Pearl Harbor: "disgustingly racist"

Louis Proyect lnp3 at
Wed May 23 09:42:43 MDT 2001

Pearl Harbor

Cast: Ben Affleck, Josh Hartnett, Kate Beckinsale, William Lee Scott, Greg
Zola, Ewen Bremmer, Alec Baldwin, Jon Voight and Cuba Gooding Jr.
Directed by: Michael Bay
Written by: Randall Wallace
Running Time: 170 min
MPAA Rating: PG-13
Year: 2001

Pearl Harbor's opening sequence exhibits Bay's obsession with wheat fields
and boyhood dreams of flying as two little boys, the younger versions of
the film's protagonists, mock-shoot at an airplane while playing inside of
a barn. It's as middling and restful a moment as we are going to find in
the entire production and, even then, it is barely sufferable, skewered
with such a simpleton's command of the cognitive link between childhood
experience and adult actualization. And, if Bay's naïveté weren't enough,
the director has one of the boys beat the other boy's father (in self
defense, of course) while muttering some anti-German diatribe, thus setting
in motion the film's disgustingly racist themes.

As profound as this film could have been in ruminating on the humanistic
underpinnings of war, Bay has successfully managed to reduce the incidents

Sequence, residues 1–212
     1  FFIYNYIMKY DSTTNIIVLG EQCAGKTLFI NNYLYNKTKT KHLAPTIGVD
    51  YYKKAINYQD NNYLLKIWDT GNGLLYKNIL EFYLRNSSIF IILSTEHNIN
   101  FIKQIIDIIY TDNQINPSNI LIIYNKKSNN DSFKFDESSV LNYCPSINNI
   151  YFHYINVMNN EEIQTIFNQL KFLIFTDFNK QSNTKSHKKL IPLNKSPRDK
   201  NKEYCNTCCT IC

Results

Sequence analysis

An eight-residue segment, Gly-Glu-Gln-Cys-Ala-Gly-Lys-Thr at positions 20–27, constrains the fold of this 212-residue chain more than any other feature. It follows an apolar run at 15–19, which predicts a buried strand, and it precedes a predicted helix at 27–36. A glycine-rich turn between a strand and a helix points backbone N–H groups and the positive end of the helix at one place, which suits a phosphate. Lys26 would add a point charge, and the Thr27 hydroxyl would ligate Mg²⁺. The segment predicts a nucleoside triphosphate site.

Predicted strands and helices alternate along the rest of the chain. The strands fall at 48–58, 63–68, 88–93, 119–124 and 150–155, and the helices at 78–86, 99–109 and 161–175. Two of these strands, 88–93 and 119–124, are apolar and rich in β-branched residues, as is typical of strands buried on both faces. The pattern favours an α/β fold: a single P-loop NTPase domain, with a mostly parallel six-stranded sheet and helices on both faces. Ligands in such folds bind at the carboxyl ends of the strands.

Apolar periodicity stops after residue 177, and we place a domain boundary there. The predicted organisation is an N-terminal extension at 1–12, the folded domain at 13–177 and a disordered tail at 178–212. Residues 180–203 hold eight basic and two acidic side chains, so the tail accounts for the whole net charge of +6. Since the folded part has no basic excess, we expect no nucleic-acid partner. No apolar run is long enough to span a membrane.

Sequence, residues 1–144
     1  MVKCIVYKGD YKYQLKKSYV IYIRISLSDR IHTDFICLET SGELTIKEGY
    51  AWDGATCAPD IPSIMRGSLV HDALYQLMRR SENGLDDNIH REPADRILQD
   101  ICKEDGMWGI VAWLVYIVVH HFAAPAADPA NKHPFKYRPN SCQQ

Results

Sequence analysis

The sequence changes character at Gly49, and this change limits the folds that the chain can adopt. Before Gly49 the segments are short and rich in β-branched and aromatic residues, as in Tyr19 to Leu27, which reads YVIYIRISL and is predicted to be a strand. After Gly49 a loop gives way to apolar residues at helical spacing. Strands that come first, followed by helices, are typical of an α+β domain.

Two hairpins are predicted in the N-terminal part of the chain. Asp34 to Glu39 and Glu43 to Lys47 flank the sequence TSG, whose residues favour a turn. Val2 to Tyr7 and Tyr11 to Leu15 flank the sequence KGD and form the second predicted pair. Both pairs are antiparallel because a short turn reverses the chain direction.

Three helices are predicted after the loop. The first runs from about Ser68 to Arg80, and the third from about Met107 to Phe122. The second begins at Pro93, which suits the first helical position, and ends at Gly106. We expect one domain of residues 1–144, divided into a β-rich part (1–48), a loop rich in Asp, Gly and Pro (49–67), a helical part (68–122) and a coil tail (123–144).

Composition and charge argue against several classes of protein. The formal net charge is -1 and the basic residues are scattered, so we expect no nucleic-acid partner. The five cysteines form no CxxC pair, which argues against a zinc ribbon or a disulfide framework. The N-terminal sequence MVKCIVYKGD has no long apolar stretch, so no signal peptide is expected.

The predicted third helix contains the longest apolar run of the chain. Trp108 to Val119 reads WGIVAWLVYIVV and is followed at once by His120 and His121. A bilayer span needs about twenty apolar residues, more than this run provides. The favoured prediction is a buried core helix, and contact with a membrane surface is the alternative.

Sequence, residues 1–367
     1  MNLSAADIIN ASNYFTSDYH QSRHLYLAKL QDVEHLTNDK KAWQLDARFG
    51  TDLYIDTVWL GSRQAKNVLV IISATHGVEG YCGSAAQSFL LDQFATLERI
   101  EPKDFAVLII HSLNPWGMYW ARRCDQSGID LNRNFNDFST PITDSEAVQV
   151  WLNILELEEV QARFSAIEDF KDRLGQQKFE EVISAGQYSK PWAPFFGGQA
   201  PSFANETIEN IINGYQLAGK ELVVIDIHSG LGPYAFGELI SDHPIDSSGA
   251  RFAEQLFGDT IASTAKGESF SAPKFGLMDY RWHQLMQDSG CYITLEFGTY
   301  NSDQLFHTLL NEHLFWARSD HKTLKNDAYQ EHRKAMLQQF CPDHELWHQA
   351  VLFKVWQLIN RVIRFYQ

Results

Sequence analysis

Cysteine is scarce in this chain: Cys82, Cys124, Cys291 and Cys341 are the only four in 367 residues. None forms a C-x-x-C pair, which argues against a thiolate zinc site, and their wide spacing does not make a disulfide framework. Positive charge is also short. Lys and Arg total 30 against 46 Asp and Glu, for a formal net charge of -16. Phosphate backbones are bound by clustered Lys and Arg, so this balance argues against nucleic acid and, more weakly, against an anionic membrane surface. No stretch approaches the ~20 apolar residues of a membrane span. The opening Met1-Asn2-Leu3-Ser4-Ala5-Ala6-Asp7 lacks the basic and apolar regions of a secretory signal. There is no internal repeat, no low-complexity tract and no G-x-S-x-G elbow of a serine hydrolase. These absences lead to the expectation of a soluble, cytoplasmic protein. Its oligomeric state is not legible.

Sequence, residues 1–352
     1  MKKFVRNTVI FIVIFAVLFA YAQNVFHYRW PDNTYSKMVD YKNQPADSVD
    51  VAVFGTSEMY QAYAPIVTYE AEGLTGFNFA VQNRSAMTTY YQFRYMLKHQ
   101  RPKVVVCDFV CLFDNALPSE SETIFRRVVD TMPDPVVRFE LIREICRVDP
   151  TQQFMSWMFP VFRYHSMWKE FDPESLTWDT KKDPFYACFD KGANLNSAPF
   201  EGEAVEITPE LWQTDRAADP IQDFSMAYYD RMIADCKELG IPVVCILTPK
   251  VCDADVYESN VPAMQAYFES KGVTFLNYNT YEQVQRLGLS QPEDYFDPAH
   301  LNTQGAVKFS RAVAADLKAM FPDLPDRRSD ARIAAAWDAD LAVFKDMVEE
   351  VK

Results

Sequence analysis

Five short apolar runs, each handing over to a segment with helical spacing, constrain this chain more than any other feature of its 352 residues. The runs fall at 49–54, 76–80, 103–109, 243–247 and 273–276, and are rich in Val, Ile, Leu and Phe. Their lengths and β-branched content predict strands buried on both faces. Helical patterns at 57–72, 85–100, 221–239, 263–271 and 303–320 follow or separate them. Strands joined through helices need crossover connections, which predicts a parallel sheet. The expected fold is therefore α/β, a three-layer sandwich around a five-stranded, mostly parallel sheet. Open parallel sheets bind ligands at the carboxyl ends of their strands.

surrounding the bombing of Pearl Harbor into a mere ping-pong battle
between a moustache-twirling Japan and a virginal America. One series of
shots during the film's climax, which many audiences have already digested
through the film's trailer, finds Japanese airplanes soaring over the heads
of an America oblivious to the horror that is about to transpire. If the
mere ignorance of upcoming danger weren't enough, every unsuspecting
innocent in the film can be found partaking in the most obvious of
rudimentary activities: from playing golf and chess to hanging clothes on a
clothesline and frolicking through a park with angel wings on one's back.

Bay's decision to paint America as a land of country-bumpkins all-too-ready
to defend the motherland from an alien invasion is fine enough. Bay's
execution, though, is to condescend to the Japanese by portraying their
culture as seemingly emasculated (see the scene where Bay foppishly focuses
on the Japanese dress ritual before going to war). The desire to paint the
Japanese as devoid of human emotion shows a saddening refusal on the part
of the production to acknowledge the political and cultural complexities
behind the war that was instigated by the bombing. The Japanese men in the
picture are dressed to the nines in frilly black outfits (the color of
choice for all villains) and, if such signifiers of evil weren't enough,